Ancient Worlds: Argonauts vs The Giant Robot
If you saw the 1963 version of Jason and the Argonauts, you probably remember this scene. It’s classic Harryhausen: stop-animation work that was looks cartoonish now, but was state-of-the-art at the time.
Like some of the other episodes in this movie (Skeleton battle!) you may have thought that this was all Hollywood. But Talos, the gigantic bronze guardian of Crete, was described in the Argonautica as well. Apollonius tells his readers that Talos was the last of the race of Bronze (mythical predecessors of modern humans), and that Zeus had set him to guarding Crete as a favor to his lover Europa. Since he was made entirely of metal, he was completely invulnerable, except for one spot on his heel where a thin membrane of skin covered his vein.
Here the similarities between the book and the movie end. How typical. In Jason and the Argonauts, Jason unscrews the bolt in Talos’s heel, releasing the steaming blood that keeps the giant animated.
As we know by now, Jason could never have figured that out by himself. Instead, in the original work Medea begins furiously casting magic, and Talos tears open his heel on a rocky cliff and bleeds to death.
That girl never gets a break in the adaptations.
Talos has provided inspiration for millenia and it’s not hard to see why. To the best of my knowledge, he is the earliest account of anything resembling robotics: a giant metal man who is destroyed by essentially mechanical means. While he has the shape of a man, he has no other real human attributes: he fulfills a single function, he does not speak, and is accorded no emotions by the narrator. He is for all intents and purposes an automaton.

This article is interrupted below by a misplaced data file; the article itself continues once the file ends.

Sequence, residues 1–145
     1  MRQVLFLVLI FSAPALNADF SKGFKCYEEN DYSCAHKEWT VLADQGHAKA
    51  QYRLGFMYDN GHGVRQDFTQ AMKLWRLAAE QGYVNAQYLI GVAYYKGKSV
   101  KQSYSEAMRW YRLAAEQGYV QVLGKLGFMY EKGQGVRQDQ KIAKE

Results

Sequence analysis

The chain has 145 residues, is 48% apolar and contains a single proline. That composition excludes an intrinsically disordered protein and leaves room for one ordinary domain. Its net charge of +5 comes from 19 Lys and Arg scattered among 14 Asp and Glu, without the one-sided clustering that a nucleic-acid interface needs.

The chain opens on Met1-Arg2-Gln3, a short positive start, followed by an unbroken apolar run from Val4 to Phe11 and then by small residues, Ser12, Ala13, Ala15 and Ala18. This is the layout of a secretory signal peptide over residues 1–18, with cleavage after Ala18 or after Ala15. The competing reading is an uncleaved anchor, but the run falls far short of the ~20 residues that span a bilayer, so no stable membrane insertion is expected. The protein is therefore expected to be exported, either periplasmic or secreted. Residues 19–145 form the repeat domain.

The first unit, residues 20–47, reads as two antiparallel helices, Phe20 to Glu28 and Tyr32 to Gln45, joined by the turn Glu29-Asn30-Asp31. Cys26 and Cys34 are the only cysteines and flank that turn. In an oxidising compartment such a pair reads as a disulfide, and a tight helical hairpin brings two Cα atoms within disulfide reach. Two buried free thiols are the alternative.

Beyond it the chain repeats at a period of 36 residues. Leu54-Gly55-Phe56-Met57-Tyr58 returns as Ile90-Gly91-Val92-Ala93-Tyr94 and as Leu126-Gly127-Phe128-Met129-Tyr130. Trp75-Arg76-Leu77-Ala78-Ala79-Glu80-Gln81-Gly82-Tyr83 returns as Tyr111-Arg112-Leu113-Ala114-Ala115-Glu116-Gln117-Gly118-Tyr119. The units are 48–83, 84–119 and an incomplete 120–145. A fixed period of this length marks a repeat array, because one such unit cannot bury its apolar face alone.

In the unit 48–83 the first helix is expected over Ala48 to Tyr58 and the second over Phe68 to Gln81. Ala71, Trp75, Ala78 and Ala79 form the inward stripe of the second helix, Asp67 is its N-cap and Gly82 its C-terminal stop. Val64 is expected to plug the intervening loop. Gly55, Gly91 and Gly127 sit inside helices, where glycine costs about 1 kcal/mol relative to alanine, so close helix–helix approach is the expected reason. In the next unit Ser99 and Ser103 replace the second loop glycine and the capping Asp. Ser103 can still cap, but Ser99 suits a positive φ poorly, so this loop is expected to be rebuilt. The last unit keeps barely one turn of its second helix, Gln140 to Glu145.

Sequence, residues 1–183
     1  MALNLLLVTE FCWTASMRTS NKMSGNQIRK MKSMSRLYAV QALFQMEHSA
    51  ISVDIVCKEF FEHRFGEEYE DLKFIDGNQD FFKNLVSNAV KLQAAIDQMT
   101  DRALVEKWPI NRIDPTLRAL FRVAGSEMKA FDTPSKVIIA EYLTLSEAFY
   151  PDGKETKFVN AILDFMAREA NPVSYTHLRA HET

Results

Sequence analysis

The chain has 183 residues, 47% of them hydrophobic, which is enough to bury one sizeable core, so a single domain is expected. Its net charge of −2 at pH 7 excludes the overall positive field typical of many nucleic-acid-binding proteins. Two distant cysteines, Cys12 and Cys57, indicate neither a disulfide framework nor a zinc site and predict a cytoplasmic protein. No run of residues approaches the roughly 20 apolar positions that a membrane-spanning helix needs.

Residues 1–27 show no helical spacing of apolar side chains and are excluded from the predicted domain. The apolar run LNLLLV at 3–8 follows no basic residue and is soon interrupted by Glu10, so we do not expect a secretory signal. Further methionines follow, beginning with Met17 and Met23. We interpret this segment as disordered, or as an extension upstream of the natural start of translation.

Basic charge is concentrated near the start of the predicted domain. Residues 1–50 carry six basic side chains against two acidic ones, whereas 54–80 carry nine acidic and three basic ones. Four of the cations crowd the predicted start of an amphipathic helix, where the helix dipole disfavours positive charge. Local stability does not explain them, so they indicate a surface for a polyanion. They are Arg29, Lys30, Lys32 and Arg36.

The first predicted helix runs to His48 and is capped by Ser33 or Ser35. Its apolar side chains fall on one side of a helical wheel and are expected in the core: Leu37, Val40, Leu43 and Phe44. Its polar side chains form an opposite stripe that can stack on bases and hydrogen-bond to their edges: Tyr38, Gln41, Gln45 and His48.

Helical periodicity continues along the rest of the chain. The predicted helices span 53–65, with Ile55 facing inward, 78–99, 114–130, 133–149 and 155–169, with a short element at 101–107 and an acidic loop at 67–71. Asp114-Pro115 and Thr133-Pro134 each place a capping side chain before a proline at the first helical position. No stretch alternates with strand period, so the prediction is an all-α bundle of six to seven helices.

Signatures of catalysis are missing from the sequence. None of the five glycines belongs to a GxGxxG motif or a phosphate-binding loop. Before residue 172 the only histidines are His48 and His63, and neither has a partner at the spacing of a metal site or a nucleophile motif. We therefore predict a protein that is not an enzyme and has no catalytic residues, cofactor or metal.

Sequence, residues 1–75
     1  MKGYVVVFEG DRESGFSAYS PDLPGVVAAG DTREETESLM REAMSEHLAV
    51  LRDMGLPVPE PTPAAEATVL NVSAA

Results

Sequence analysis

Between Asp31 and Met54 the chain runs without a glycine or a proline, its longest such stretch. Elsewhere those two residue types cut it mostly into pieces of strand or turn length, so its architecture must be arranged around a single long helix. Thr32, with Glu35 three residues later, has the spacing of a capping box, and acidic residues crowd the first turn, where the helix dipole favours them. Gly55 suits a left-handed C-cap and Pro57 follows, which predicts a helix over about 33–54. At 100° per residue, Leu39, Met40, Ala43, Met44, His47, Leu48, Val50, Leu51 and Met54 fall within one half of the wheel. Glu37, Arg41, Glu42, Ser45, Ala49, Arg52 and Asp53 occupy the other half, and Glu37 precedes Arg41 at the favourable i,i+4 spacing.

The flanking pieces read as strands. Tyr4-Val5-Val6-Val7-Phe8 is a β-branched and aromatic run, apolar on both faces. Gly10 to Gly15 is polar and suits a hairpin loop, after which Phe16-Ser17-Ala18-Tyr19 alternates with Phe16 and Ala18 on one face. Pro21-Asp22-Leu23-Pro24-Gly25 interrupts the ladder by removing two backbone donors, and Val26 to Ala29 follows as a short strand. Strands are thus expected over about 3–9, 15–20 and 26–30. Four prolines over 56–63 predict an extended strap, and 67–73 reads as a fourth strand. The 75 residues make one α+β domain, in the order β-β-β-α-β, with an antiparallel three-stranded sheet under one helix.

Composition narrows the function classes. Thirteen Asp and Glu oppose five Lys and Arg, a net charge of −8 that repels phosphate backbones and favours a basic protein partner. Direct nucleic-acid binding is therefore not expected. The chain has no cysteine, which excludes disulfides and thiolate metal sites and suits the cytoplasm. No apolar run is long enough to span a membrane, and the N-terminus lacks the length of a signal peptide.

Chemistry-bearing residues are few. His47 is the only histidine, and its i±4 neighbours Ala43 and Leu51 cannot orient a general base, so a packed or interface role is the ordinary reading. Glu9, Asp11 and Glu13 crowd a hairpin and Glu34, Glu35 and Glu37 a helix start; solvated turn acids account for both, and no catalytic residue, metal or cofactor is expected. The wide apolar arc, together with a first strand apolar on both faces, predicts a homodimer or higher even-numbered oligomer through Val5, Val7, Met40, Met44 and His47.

Since the Argonautica was written well before automata were seriously conceived of, there has been speculation of where the inspiration for Talos came from. Some scholars simply think that Apollonius was playing with the notion of Bronze Age men, a myth that comes from Hesiod and which is intended as a metaphor of the decline of man from his earliest Golden Age to the decadent present. Of 600 BCE. Robert Graves, among others, suggested that Talos was inspired by a misunderstanding of an image depicting lost wax casting.
Clearly, they were both wrong. Apollonius was inspired by what he learned about ancient Egyptians, aliens, and advanced cybernetics at the library of Alexandria.
Whatever his origins, as the first threatening metal man, you can draw a line from Talos all the way to the Cylons. In fact, the United States military has announced an effort to build exo-skeletal armor for infantry use called TALOS: Tactical Assault Light Operator Suit. Which has more in common with Iron Man’s exoskeleton than our bronze friend here, but we’ll take the credit when it’s offered up.
Next time, the difficulty of endings when the ending is really, really bad. Meanwhile, I’ll be taking suggestions on what works you’d like to see covered or discussed!
I am obviously most comfortable with Classical subjects, but I’m eager to branch out, so help me find new things to talk about.
Hmm, growing up I had always considered Talos to be a depiction of the Colossus of Rhodes, sprung to life.
Admittedly though, it’s been a very long time since I saw this movie, although I often think about seeing it a again.
Were I not boycotting Amazon I’d go and buy a copy, if it’s available